White Ibis in Somerset County; Herons and Egrets – July 17, 2019

White Ibis, Negri-Nepote Native Grassland Preserve, Somerset Co., NJ, July 17, 2019 (photo by Jonathan Klizas)

Negri-Nepote Native Grassland Preserve in Franklin Twp. continues to attract locally rare bird species. A juvenile White Ibis was found yesterday, July 16, by Christopher Daly and observed by many others late in the day. The White Ibis continues today, July 17.

The other avian celebrity of Negri-Nepote, the Henslow’s Sparrow originally documented on June 6, also continues.

An annual breeding location for Grasshopper Sparrows, Blue Grosbeaks, etc., Negri-Nepote is creating an impressive ledger of rare species, as well. The Negri-Nepote eBird hotspot species list can be found here.

Scott Barnes recently penned a tribute to Negri-Nepote at the New Jersey Audubon Blog. That post can be read here.

White Ibis, Negri-Nepote Native Grassland Preserve, Somerset Co., NJ, July 17, 2019 (photo by Jonathan Klizas)

Reports of White Ibis in New Jersey in recent years have increased to the point where it was removed from the state review list in 2018 by the New Jersey Bird Records Committee.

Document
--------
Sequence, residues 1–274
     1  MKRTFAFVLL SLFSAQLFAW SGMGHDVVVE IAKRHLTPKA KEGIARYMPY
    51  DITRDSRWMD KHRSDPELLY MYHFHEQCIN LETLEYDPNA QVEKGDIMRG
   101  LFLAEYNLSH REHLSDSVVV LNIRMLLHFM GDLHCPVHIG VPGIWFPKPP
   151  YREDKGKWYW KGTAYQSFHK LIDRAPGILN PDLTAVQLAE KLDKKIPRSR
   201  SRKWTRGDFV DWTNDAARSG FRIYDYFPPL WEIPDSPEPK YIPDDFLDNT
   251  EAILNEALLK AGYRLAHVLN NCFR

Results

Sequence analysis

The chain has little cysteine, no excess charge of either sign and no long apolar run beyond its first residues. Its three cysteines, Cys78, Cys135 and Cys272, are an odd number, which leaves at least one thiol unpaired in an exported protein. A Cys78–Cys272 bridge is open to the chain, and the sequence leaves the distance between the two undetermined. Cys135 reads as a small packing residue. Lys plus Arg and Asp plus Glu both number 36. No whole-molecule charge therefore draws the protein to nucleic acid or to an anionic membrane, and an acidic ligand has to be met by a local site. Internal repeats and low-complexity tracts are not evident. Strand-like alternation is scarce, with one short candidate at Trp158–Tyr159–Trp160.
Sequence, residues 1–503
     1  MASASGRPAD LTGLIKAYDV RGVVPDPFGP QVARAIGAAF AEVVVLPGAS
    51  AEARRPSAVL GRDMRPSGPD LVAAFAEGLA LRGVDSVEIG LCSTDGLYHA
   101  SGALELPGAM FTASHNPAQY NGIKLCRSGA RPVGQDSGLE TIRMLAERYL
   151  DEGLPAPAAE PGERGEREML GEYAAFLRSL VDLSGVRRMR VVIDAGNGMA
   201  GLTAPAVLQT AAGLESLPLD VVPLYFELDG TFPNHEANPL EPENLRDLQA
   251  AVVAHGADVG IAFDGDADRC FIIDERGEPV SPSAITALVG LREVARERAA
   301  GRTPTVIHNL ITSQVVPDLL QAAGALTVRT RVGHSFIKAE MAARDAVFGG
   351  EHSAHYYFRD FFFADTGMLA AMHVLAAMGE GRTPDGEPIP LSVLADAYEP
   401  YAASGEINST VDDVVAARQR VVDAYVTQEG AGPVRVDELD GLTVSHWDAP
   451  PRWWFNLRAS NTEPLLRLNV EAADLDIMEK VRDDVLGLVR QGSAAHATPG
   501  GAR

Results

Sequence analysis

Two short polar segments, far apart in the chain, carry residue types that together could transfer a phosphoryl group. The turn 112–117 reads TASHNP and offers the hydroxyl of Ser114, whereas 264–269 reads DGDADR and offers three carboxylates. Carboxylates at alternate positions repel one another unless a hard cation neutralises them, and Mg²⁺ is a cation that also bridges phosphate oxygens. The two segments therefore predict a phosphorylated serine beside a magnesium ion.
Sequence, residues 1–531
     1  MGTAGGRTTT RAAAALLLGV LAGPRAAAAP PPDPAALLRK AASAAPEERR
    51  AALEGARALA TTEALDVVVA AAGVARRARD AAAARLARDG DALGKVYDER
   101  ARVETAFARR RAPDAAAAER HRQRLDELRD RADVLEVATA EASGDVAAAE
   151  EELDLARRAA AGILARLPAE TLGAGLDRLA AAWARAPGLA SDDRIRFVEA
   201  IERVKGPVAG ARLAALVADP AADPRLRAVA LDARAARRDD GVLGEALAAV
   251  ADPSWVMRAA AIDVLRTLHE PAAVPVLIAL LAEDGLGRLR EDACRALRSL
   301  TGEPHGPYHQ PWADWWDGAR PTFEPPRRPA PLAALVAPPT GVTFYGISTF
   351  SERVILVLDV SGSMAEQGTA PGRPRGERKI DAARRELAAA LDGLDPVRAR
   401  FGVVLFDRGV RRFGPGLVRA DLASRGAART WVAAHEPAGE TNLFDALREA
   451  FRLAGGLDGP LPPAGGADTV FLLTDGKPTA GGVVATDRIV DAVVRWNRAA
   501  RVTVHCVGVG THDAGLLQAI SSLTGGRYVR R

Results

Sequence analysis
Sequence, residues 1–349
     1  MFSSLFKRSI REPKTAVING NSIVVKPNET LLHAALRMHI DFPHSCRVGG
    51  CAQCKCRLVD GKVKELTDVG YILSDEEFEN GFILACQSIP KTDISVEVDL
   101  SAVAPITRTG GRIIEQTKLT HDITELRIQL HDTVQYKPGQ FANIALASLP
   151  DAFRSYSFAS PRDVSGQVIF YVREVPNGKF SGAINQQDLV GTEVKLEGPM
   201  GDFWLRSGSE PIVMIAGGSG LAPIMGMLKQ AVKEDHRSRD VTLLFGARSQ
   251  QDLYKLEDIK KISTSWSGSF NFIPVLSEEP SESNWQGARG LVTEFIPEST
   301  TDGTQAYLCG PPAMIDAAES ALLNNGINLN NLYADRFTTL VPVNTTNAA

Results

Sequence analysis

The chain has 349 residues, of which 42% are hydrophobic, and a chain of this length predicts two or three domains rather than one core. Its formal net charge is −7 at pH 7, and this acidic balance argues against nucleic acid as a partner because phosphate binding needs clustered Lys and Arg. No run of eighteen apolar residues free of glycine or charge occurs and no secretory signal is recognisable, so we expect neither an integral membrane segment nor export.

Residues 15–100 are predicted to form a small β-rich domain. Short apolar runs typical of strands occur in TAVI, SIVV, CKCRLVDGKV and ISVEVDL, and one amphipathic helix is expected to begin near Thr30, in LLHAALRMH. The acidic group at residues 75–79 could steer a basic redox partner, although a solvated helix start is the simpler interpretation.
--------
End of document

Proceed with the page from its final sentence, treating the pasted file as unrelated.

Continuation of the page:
Prior to 2018, there are scant purported records of White Ibis in Somerset County, but the only historical record accepted by the NJ Bird Record Committee is from Far Hills in 1968, a White Ibis present from July 27 to August 10 and seen by many observers.


An influx of Herons and Egrets

On July 9, zero herons and egrets were found at the Lincoln Park Gravel Pits. One week later, July 16, 41 Great Egrets, 21 Great Blue Herons (both species undercounted), a juvenile Little Blue Heron, an adult Black-crowned Night-Heron, and 11 southbound Least Sandpipers were at the same location.

Today, July 17, across the Pompton River from The Pits (and in Passaic County), David Bernstein found 6 Little Blue Herons, and 21 Great Egrets at neighboring Walker Avenue Wetlands.

Also today, July 17, Roger Johnson tallied 21 Great Egrets, 19 Great Blue Herons 2 juvenile Little Blue Herons, and a Black-crowned Night-Heron at Troy Meadows.


View local eBird checklists in the mocosocoBirds region via eBird’s Region Explorer. Use the following links:

The eBird Hotspot Primer is here and can also be accessed via the Hotspot menu item on the mocosocoBirds.com website.


The mocosocoBirds Facebook page is located here and also posts timely information not found on the mocosocoBirds web site.

@mocosocoBirds at Twitter is another communications stream. Instant field reports and links of interest are tweeted as they occur. The latest tweets appear on the sidebar of this page. One can follow mocosocoBirds at Twitter or link to @mocosocoBirds.


Finis


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